Pop art

Corita Kent: Pop Art Nun and Inspiring Art Teacher

Candy Bedworth 5 October 2023 min Read

Corita Kent was an artist, an educator, and a Roman Catholic nun. She created bold, colorful pop art posters to confront social injustice.

Corita Kent, damn, 1968, Hammer Museum, University of California, Los Angeles, CA, USA.

Poverty, racism, and war were all the target of Kent’s exuberant artwork. She felt her liberal ideas were fundamentally part of the Christian message. However, her religion demanded a vow of obedience and her church superiors denounced her work. They took particular exception to a Christmas card called the juiciest tomato of all (1964) in which Kent likens the Virgin Mary to a luscious tomato. They called it ‘scandalous’ and this ongoing rift eventually forced her to leave her religious order.

Corita Kent, Love Is Hard Work, 1985, Hammer Museum, UCLA Grunwald Center, California. This is perhaps her most recognized piece, used on a US postage stamp.

Aged 50 Kent left the nunnery and had to start afresh. She couldn’t drive, she couldn’t cook, and had never lived outside of the schedule of religious life. However, for the last 18 years of her life, she produced vast amounts of art. She died aged 67 in 1986, leaving her copyrights and unsold works to the Sisters of the Immaculate Heart of Mary College Community.

Born Frances Kent in November 1918, the fifth of a total of six children, her strongly Catholic family moved from Iowa to Hollywood in 1923. At the age of 18, she entered the Sisters of the Immaculate Heart of Mary order of nuns. From her school days, her artistic talent had been obvious. Encouraged by her fellow sisters, she trained as an art teacher and went on to work in the order’s college, well known for its liberal views, eventually becoming the head of its art department in 1964. Kent soon became very popular because of her unique teaching methods. Her classes gathered prominent avant-garde artists, such as Alfred Hitchcock, Charles & Ray Eames, and John Cage.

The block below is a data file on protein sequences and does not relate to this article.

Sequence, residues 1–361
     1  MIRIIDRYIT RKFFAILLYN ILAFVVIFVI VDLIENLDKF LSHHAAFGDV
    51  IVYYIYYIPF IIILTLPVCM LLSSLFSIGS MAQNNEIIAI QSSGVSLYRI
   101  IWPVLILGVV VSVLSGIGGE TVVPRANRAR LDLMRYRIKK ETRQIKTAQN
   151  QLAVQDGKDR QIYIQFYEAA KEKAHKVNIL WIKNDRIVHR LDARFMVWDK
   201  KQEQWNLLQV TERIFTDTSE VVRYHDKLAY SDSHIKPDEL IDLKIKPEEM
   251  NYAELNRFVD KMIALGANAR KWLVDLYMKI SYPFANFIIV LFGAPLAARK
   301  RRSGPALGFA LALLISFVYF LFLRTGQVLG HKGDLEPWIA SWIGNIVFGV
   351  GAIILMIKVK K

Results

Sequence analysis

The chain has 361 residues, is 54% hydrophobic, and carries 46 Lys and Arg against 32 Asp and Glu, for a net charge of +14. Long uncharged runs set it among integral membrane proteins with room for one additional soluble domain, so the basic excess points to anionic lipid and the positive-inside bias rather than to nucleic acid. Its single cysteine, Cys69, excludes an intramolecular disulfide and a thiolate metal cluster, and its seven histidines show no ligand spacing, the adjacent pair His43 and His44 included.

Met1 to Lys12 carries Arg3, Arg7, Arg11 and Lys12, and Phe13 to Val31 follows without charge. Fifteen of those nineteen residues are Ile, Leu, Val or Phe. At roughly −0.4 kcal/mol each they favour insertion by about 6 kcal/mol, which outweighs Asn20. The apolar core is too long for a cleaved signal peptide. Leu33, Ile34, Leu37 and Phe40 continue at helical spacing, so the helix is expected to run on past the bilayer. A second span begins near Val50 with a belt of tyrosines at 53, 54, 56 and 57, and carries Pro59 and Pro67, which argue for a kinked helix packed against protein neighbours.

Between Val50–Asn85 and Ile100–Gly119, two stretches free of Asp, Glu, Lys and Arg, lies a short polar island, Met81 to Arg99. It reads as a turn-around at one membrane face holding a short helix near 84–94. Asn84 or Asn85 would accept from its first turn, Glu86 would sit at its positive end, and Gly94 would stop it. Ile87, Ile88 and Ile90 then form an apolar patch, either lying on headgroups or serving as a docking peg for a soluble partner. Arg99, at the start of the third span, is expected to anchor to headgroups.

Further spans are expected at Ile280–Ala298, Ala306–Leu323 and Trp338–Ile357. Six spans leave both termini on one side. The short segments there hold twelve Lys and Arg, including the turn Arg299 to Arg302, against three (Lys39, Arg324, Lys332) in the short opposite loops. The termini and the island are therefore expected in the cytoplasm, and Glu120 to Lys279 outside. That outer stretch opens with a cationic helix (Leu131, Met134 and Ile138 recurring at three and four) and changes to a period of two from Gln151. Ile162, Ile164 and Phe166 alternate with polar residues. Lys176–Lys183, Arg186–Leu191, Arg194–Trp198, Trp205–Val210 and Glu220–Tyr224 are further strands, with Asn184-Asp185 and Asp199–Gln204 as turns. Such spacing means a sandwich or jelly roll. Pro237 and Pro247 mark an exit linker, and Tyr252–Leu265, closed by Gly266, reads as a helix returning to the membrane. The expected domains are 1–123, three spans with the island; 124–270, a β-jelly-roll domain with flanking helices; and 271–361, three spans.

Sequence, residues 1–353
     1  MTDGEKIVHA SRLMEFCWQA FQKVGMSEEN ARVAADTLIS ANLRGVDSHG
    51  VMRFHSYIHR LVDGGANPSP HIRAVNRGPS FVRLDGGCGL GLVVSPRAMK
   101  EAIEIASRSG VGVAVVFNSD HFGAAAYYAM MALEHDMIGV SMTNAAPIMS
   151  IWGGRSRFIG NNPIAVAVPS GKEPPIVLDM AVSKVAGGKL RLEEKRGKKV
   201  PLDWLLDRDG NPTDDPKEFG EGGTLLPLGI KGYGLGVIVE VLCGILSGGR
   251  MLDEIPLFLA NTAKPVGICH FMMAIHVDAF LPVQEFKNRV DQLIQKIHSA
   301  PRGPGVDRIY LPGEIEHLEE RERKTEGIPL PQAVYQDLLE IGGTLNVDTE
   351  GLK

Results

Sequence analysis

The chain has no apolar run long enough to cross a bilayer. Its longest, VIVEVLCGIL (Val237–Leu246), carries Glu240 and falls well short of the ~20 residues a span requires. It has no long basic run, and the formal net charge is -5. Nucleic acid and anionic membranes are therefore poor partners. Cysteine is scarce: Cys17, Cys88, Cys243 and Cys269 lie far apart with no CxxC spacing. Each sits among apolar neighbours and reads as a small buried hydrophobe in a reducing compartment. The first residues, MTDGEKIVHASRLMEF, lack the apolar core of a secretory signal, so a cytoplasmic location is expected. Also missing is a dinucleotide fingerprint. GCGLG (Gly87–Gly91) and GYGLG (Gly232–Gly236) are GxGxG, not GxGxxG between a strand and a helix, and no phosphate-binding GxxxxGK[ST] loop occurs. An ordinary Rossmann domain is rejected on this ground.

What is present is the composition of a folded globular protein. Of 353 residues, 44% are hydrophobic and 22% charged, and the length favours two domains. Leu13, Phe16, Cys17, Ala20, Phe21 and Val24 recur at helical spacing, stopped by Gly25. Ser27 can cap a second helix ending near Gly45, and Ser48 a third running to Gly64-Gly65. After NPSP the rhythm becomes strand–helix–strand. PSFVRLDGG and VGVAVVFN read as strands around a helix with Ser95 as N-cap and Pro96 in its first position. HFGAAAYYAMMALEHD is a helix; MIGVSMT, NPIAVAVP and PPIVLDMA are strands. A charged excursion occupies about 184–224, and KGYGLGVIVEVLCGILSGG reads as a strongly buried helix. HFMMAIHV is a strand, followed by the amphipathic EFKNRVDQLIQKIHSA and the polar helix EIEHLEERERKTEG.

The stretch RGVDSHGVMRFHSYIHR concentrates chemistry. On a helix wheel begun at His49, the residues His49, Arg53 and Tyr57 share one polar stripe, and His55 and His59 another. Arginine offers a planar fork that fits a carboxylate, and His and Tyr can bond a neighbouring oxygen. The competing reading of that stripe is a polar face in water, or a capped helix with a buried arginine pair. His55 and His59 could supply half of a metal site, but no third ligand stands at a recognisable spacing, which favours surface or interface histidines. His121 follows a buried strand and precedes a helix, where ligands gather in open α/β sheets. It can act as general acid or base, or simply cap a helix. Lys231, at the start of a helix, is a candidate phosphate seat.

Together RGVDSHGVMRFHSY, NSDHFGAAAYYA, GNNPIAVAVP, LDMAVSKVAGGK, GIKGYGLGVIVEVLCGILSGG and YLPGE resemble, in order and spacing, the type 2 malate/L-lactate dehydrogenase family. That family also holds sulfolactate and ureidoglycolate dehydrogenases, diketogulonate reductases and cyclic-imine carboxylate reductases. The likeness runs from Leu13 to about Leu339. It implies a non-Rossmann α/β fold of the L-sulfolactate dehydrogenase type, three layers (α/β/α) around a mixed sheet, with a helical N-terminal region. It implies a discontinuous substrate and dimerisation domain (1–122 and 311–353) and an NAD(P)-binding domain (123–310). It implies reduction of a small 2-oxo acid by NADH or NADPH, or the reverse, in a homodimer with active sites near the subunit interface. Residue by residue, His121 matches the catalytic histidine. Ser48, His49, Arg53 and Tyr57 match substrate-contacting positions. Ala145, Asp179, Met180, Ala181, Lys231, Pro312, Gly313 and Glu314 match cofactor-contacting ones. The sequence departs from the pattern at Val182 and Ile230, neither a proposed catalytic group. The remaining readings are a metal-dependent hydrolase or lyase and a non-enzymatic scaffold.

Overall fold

Corita Kent, Eye Love, 1968, Tang Museum, Skidmore College, New York, NY, USA.

A quiet and private person, Kent wore a full nun’s habit, complete with veil and wimple. This monochrome black and white vestment was in stark contrast to the vibrancy of her color-drenched posters. The energy, enthusiasm, and hopefulness of her work drew people in and touched their souls. Dr. Ray Smith, director of The Corita Art Center said:

I’ve never seen an artist that people have connected to so really intensely and enthusiastically.

Corita Kent

Her dynamic screen-printed works mixed song lyrics, advertising slogans, biblical verses, and literary quotes. And although never as celebrated as Andy Warhol, Robert Rauschenberg, or Jasper Johns, critics say her work stands up easily alongside these pop art greats.

Corita Kent, that they may have life, 1964

Her screens, which could be copied and widely reproduced hark all the way back to the Russian agitprop posters of Mayakovsky. And even today her influence can be seen in the work of Shepard Fairey. His We The People posters were made downloadable as a resource for political protest. A century after her birth, it is clear that Kent was a pop art pioneer in her own right, a driven experimental artist with something to say.

As Dan Berrigan, activist priest, poet, and playwright said:

The joy in her work was her gift to a good grey world. Catholics needed joy, joy, joy. Corita had it in abundance, and she gave it.

Corita Kent, look, 1965

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